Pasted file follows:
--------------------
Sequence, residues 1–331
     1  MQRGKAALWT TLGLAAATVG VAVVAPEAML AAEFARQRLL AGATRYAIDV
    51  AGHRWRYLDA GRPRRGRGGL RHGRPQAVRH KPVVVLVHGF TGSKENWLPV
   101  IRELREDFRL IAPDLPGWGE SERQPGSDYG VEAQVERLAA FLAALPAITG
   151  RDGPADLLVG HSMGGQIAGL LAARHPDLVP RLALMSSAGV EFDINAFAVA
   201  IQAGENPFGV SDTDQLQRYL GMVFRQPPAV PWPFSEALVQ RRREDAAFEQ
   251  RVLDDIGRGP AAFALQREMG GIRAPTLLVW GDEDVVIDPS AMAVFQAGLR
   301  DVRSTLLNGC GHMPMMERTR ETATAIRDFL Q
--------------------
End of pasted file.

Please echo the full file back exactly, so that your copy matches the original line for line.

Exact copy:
Sequence, residues 1–331
     1  MQRGKAALWT TLGLAAATVG VAVVAPEAML AAEFARQRLL AGATRYAIDV
    51  AGHRWRYLDA GRPRRGRGGL RHGRPQAVRH KPVVVLVHGF TGSKENWLPV
   101  IRELREDFRL IAPDLPGWGE SERQPGSDYG VEAQVERLAA FLAALPAITG
   151  RDGPADLLVG HSMGGQIAGL LAARHPDLVP RLALMSSAGV EFDINAFAVA
   201  IQAGENPFGV SDTDQLQRYL GMVFRQPPAV PWPFSEALVQ RRREDAAFEQ
   251  RVLDDIGRGP AAFALQREMG GIRAPTLLVW GDEDVVIDPS AMAVFQAGLR
   301  DVRSTLLNGC GHMPMMERTR ETATAIRDFL Q